When a candidate for elected office campaigns, they campaign around a vision of the county, city, state, and country that they represent and hope to see thrive. The rhetoric employed by a candidate over the course of a campaign will flesh this vision out, and the informed voter can build, from the ground up, the vision of the candidate.
Hillary Clinton, in urging voters to turn away from Donald Trump’s platform during a rally in Brooklyn, claimed “this election is not, however, about the same old fights between Democrats and Republicans. This election is different. It really is about who we are as a nation. It’s about millions of Americans coming together to say: We are better than this. We won’t let this happen in America.”
In order to understand what Hillary means specifically when she reflects on “who we are as a nation,” I turn to her speech at the DNC following her reception of the nomination as the democratic candidate for the office of the President of the United States.
If this election is truly about “who we are as a nation,” Hillary’s logos reflects a certain type of America in which she, and by extension anyone who votes for her, believes. Voting for a candidate entails an acceptance of their logos as a shared belief in the way certain things should be.
Hillary creates a version of America that she believes is within reach, and she asks that Americans trust her to be the one to lead the country to this shared goal of continuing to make America a great place to live. It is accepted that America is a great place in general; otherwise the people at the DNC or those all over the world (at naval and military bases, embassies, etc.) would not be participating in the voting process.
The general line of thinking that both Hillary and her supporters follow is that America used to be strong because it supported the people of America and not just the elite, that America is still a strong nation that is not being torn apart by fear and hatred, and that America (with Hillary at the helm) will become a success that rivals a bygone era of American success.
The general vision of America that her audience and supporters are buying into is actually a familiar one, as her rhetoric resembles the post-WWII America that became a superpower through infrastructure, burgeoning industry, and a strong middle class. Her evocation of Roosevelt falls right in line with this and the parallels she draws between the Great Depression and the Great Recession furthers the idea that she is the right candidate to, ironically, “make America great again,” by bringing it back to its former strength.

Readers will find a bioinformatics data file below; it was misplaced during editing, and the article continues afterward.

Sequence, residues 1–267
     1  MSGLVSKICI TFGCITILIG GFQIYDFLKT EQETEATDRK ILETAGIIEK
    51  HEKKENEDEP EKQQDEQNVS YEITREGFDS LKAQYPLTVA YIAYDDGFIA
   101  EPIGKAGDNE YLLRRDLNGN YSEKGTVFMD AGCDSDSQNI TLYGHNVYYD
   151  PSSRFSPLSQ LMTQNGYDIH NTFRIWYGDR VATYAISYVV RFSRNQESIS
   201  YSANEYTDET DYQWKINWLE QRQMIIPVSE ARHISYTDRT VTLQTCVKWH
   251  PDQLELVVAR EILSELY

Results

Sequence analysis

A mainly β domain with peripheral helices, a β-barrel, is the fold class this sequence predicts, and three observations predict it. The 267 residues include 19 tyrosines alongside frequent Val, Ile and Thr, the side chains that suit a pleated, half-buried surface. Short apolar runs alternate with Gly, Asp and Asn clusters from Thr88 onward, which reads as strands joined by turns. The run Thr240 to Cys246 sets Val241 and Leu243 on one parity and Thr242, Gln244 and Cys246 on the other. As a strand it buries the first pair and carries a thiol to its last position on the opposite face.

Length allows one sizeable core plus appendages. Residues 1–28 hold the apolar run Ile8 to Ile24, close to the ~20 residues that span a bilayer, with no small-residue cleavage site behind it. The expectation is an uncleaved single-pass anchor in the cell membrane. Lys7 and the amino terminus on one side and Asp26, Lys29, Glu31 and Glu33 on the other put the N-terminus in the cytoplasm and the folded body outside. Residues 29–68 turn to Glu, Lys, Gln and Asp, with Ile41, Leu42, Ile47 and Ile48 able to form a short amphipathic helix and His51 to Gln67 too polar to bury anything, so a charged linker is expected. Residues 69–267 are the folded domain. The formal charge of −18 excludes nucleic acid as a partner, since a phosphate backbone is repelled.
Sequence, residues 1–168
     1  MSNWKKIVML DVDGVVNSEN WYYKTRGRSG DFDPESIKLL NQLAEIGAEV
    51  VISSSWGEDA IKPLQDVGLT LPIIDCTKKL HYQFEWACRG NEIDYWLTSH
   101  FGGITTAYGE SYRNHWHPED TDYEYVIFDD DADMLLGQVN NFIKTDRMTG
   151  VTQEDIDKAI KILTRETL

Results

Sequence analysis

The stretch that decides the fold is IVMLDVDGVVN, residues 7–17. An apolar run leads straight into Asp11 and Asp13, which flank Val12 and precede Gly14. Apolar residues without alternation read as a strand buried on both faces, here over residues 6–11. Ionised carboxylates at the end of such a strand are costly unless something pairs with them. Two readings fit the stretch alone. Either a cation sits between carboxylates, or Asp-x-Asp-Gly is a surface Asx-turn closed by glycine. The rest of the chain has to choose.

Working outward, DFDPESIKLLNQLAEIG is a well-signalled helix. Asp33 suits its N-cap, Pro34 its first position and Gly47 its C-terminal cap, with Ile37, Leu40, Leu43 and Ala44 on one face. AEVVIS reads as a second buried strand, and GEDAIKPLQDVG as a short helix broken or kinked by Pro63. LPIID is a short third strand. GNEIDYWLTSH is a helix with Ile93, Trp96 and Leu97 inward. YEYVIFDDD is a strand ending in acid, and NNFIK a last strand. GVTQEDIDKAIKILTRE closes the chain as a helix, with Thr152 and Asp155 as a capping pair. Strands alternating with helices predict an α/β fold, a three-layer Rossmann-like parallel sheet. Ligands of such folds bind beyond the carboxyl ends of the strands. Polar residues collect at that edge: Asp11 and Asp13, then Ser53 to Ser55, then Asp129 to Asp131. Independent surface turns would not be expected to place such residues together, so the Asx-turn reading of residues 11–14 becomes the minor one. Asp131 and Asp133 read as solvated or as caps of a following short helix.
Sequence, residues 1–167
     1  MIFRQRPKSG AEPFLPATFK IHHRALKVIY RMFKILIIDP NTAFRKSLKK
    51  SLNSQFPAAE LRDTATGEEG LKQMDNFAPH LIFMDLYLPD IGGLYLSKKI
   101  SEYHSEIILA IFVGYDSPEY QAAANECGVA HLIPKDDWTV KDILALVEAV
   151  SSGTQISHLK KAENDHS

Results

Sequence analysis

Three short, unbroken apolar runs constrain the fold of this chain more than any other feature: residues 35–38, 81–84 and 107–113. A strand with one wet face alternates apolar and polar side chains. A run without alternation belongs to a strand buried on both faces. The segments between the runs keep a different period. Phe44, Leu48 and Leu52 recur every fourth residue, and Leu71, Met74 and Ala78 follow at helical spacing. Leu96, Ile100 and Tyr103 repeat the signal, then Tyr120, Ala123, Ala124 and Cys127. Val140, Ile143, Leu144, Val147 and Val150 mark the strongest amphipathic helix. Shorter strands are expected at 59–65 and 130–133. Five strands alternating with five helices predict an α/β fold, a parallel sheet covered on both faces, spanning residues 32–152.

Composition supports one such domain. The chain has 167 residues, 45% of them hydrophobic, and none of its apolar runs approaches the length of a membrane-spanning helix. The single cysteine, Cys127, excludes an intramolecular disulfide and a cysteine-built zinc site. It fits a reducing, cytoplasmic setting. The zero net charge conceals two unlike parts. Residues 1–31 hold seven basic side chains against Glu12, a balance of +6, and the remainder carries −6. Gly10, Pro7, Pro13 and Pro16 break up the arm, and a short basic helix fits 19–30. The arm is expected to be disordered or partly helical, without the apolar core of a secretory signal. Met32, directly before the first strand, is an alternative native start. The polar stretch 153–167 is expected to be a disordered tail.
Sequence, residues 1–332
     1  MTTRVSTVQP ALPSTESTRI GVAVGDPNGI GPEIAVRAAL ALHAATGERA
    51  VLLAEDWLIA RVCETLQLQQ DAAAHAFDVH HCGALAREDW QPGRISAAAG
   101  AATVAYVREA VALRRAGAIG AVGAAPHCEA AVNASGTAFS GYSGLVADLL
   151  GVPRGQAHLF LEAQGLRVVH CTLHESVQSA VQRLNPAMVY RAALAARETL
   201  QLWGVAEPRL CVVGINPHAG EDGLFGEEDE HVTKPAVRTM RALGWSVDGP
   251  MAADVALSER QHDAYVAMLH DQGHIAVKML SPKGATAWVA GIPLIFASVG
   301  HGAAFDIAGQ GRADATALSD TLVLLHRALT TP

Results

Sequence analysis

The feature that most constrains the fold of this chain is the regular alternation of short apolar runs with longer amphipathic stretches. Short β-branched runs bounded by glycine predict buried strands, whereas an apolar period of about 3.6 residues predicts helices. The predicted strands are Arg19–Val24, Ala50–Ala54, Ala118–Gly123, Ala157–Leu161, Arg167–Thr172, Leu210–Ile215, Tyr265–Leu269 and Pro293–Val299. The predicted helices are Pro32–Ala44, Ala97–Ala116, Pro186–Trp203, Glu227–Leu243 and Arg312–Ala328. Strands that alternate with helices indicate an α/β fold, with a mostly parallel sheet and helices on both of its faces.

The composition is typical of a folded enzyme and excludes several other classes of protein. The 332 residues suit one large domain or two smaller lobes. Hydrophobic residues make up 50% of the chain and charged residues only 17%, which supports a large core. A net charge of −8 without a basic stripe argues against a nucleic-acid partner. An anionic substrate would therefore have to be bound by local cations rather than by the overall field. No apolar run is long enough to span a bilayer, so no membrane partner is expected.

America has come such a far distance away from these “glory days” that Clinton’s rhetoric sounds progressive. Even her point on climate change and “believing in science” recalls this boom time, where technology was embraced as the country moved towards “the future.” Throwing her faith behind science shows her to be more progressive than typical Republicans, who are often maligned for advocating that evolution not be taught in schools despite all of the evidence showing it to be scientific fact.
Hillary’s America is obviously an ideal, but by framing it with the rhetoric of the past she gives it historical precedence. Her platform is build on this type of rhetoric; she has her own vision, sprinkled with Bernie Sander’s concerns, and kept far away from Donald Trump’s vision. By going through Hillary’s DNC speech and highlighting the areas where she speaks of America as a collective, I have found that her America is one steeped with values of the past but unafraid to embrace the diversity of the future, from the types of people that consider themselves to be Americans and the emerging technologies that will carry the nation into the future.